From the train station, head right along that main road until you reach the first intersection and take a left. Continue about 100m down that tiny wee street, where you’ll invariably think you’ve taken a wrong turn as there’s barely a functioning shop down there but plenty of rubbish and stray cats, and look out for it on your right. The facade is red, it’s set up on some steps away from the street, and it will be swarming with locals. Falafel sandwiches are 20 EGP (Yes, about 15 cents) and you’ll want to have at least two. This was the best falafel we had in Egypt, which is a feat considering falafel in Egypt is the best we’ve ever had. So, yes, we’re crowning this the best falafel in the world.

The smaller temple


Hadouta Masreya – Nubian Guest House

Sure, it’s a bit of an ordeal to get to (you’ll regret bartering for a 50 EGP taxi ride from the train station and round that up. Significantly), but this beautiful guesthouse is worth the trek. Located on the east bank of the Nile, nestled in amongst a couple of other equally as colourful and intriguing hotels, the grand wooden door of this Nubian-style home belies the quirkiness of its interior.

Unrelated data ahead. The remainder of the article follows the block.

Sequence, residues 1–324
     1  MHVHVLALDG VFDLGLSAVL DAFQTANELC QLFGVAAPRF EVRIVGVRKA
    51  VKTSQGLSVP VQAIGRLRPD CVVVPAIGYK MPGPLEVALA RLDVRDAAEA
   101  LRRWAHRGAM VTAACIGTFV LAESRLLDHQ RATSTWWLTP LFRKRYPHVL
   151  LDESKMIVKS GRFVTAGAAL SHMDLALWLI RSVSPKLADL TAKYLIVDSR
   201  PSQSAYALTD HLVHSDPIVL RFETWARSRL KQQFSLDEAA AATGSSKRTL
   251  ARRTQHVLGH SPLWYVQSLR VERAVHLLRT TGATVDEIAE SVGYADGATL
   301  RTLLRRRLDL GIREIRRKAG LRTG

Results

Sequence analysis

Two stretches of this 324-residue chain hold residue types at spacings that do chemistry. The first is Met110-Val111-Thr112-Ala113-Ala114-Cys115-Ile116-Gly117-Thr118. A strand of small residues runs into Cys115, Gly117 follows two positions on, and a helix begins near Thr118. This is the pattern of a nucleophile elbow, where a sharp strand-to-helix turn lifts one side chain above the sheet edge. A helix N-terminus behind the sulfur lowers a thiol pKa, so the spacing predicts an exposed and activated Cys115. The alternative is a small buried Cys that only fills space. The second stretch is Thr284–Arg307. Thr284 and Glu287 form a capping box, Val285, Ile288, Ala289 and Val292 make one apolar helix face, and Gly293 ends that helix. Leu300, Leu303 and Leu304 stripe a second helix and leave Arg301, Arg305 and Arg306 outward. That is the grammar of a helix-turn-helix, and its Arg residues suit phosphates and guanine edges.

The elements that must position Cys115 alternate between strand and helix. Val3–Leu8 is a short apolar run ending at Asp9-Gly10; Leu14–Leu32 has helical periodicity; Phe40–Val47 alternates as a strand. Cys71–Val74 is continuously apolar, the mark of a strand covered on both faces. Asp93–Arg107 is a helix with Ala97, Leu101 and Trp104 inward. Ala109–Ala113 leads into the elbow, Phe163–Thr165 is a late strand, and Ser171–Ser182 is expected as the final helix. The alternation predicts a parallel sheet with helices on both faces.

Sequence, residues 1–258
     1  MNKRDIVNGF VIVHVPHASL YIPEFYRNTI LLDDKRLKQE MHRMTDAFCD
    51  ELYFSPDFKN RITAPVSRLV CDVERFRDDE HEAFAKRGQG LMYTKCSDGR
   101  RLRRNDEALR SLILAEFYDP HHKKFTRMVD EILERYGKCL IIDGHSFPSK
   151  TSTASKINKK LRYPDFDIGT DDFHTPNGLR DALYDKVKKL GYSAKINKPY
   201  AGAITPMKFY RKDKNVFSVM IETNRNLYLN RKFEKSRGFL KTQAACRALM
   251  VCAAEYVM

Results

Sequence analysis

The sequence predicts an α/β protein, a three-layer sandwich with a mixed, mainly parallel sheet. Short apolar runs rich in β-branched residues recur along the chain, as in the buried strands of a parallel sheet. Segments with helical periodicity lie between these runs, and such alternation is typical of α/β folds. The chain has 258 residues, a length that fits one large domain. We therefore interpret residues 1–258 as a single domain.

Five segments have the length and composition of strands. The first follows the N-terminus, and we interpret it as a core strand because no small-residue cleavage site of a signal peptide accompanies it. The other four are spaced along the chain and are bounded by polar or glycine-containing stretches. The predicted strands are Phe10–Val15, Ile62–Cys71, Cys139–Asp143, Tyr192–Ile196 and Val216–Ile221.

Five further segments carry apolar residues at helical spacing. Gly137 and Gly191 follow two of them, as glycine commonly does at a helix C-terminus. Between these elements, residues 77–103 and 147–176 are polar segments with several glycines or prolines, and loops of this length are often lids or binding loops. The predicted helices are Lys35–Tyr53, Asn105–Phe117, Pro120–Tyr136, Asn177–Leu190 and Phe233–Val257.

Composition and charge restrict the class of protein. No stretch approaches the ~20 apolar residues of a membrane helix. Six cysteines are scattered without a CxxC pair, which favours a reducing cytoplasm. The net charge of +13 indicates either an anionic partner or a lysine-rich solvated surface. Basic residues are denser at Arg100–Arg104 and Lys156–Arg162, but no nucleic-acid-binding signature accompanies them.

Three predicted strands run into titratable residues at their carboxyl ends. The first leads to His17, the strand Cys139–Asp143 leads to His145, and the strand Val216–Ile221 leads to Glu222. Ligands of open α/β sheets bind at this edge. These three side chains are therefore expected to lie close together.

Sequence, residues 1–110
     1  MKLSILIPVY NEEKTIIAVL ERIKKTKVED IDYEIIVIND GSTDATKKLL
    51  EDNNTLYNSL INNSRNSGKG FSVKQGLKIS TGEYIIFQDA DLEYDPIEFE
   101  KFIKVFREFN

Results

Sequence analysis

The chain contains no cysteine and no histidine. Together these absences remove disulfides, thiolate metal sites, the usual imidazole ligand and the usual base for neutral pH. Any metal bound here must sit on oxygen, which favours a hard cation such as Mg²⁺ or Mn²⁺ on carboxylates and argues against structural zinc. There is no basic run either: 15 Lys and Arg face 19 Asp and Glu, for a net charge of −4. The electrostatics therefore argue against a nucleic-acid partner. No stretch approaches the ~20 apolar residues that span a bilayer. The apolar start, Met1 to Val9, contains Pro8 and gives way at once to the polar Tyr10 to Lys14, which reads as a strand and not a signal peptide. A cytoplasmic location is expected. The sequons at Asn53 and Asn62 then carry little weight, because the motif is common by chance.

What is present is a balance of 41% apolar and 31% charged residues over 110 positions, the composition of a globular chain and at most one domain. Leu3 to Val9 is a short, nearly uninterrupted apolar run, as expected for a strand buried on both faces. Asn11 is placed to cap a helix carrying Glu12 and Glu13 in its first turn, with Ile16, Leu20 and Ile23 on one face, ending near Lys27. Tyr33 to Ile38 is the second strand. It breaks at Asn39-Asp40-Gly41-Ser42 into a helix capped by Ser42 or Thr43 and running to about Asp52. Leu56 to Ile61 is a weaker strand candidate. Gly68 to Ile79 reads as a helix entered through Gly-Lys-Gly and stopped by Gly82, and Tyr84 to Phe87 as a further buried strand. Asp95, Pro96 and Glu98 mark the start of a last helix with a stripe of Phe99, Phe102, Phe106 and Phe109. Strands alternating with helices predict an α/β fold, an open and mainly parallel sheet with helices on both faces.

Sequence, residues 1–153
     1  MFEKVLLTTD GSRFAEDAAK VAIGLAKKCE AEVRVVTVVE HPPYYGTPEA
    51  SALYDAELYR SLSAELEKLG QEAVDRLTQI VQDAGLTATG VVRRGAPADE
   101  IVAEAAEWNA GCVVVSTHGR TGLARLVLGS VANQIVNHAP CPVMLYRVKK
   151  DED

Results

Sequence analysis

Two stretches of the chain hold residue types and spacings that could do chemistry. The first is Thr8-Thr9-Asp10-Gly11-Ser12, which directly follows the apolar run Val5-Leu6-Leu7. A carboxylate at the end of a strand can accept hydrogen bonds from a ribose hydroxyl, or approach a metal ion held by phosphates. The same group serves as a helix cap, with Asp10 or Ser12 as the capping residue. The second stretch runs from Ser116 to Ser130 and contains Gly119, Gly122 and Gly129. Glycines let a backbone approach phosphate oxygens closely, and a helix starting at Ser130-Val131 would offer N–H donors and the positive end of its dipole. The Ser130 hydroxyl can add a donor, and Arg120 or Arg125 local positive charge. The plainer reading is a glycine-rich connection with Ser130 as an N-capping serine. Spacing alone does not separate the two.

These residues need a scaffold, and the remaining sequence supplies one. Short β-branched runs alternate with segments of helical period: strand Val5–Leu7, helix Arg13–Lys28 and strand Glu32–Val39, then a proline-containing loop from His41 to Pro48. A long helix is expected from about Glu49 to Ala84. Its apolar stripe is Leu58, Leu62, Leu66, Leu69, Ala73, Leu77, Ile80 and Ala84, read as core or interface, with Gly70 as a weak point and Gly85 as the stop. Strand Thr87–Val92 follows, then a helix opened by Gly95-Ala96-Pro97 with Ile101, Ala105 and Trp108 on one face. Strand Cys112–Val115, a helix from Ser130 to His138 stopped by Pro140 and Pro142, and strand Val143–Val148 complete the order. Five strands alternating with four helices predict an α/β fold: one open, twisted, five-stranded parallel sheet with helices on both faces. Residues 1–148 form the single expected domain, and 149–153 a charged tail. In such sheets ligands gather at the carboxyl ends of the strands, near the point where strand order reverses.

There’s a laid-back communal area downstairs full of cushions, full of people chatting and shooting the shit even at 11pm when we arrive through the doors.

But the rooms are where the true magic happens. Adorned with Arabic writing on the walls, softs pastels and a gorgeous view overlooking the Nile, there’s a chance you might not want to get up to go to Abu Simbel at all. The ensuite is all stone basins and modern white-ware, with a stone-encased wetroom housing the shower and the toilet.

While breakfast is included in your stay, if you’re off to Abu Simbel in the morning – you’ll be greeted by a friendly face at 4am holding a packed meal for digging into on your way there. It may be simple (some bread, cheese, a juice box, some fruit) but it was practically gourmet considering some of the other packed lunches we saw en route the next morning.

The friendly staff will also be on hand to bundle you into a car and drive you to the junction where your tour van will pick you up for the trip; all small gestures, which make for an incredibly warm and generous all-encompassing stay.